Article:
The characteristics of this believer are one of educational, peer formed belief. This form of belief is just a concept created by indoctrination and as such is not really ‘felt’ to be true.
This explains why people can become apogees or atheists. An option lacking in the previous category of believers.

Unfortunately there are lots of people with a less developed notion regarding the origin and nature of conscience whom take themselves very seriously. So immensely serious that it is for them unacceptable that their existence has no meaning. And then they will look for something which will give their existence the grandeur they imagine it to have .

Old books such as the bible, koran, torah come in very handy, because just like the writings of Michel the Nostredame they can be interpreted in any which way to suit whatever you want to believe.

The simple solution that we simply are procreating little primates that exist because we exist is too humiliating to them.

We logically have an anthropocentric world view. We assume ourselves to be superior because we believe we are superior. A type of extreme ‘dubito, ergo cogito ergo sum’. Other animals doubt also, take decisions, deceive, tease, play, have feelings of love, hate, joy etc.

Their philosophy of life we do not understand just as little as they understand ours.
But by their standards they sure can feel superior over humans with good reason.

4 thoughts on “The brain believes, do you?

  1. It is a tad difficult to make “turn the other cheek” into anything else, although credit must be given to the Catholic Church for its sterling work in trying.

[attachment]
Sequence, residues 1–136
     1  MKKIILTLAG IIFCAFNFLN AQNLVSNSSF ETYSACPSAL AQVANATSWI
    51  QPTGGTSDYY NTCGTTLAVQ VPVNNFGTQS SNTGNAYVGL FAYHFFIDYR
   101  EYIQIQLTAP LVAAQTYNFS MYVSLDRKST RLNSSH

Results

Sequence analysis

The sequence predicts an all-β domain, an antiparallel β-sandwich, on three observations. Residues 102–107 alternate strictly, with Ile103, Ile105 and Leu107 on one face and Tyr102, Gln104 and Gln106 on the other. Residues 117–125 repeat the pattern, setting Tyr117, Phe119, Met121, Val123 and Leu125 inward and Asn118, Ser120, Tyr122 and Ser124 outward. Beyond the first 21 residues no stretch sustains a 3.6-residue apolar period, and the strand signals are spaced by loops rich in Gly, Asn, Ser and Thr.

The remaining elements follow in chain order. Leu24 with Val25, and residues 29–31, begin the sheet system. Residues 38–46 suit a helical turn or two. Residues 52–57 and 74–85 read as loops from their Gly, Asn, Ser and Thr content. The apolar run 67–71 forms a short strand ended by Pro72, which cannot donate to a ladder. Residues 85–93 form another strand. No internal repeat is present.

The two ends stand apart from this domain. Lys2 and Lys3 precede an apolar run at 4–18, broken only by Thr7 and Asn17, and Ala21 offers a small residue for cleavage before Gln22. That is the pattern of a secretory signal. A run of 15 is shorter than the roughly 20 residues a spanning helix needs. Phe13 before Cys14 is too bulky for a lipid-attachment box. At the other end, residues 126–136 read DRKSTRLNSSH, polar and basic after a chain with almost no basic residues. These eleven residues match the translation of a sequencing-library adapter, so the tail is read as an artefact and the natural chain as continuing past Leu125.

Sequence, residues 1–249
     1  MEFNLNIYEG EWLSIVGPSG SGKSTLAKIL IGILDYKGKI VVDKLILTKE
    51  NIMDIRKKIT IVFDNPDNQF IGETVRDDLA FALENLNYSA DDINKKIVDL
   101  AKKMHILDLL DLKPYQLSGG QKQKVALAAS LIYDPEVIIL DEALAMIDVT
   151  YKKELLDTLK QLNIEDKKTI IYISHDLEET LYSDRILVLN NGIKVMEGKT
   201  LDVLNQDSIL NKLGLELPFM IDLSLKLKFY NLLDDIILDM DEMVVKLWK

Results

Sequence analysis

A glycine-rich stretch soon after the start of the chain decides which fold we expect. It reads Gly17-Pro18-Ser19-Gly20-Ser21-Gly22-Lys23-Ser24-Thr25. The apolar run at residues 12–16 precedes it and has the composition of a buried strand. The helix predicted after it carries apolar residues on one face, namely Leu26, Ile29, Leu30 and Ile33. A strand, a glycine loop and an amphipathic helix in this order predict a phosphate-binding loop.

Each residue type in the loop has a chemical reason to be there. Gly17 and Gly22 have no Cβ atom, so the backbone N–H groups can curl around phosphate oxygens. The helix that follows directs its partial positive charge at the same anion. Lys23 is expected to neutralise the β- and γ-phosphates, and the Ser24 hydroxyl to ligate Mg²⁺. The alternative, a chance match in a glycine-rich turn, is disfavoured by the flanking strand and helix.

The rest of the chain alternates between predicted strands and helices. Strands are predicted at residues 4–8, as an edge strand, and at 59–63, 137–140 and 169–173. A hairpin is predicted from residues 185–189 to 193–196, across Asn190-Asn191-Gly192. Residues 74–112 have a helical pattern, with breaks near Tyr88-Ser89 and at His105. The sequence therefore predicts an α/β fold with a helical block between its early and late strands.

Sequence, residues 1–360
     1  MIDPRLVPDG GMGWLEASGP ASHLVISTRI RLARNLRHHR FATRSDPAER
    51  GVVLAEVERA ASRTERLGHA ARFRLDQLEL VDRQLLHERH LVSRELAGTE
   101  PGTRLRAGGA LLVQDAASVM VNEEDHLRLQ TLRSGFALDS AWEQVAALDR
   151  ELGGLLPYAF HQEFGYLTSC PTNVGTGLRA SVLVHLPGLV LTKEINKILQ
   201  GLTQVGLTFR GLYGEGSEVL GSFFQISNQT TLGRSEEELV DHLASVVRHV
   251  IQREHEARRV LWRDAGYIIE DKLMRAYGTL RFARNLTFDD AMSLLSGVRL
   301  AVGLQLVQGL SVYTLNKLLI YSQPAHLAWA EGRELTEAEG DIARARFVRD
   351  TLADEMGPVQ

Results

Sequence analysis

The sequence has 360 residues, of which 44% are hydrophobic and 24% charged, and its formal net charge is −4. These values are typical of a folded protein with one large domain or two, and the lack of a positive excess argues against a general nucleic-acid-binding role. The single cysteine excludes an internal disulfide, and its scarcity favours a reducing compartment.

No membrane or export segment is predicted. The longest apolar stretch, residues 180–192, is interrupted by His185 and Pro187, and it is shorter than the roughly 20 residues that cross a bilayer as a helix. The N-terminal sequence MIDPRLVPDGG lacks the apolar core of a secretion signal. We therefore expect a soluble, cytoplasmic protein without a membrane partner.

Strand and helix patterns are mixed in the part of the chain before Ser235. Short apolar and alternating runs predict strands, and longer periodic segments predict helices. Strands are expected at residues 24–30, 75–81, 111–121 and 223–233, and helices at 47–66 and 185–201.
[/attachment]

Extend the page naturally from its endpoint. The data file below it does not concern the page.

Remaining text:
If you look at the Gospels as the fairly accurate, but wildly exaggerated tale of a naughty Rabbi, it doesn’t seem a particularly nonsensical document, especially when it’s considered in its proper context (which the Life of Brian captured so well).

    I suppose I must declare my militant atheism at this point, but having done so I’m still not ready to deconstruct someone’s personal spiritual life into a over-developed mass of neuronal excess — anymore than I’m prepared to discount homosexuality for the same reasons — or indeed love.

    Coming from a scientific and indeed astronomical background myself, the human race seems no more accidental than a well ordered planetary system, or indeed the legions of embarrassing co-incidences that litter cosmology.

    “There’s something funny going on here” is an almost universal refrain from my astronomical colleagues and indeed there is.

    And our universe appears to be far from unique. I’m certainly not going to invoke God the Explainer to deal with my cognitive dissonance, however even a brutal rationalist will agree there is more than a wiff of the Ineffable about this place.